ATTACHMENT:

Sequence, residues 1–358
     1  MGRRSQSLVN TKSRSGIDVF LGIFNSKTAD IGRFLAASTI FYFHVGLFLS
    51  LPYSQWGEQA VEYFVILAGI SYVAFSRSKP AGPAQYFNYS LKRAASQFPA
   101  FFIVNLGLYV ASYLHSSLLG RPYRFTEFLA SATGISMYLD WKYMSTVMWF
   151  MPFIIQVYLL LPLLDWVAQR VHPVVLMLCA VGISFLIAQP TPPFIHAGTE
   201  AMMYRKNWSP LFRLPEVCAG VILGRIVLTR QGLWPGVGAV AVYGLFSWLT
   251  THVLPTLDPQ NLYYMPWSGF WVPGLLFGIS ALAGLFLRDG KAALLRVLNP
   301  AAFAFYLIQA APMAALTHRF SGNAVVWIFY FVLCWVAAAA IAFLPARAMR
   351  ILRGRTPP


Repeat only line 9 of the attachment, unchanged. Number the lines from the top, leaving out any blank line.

   351  ILRGRTPP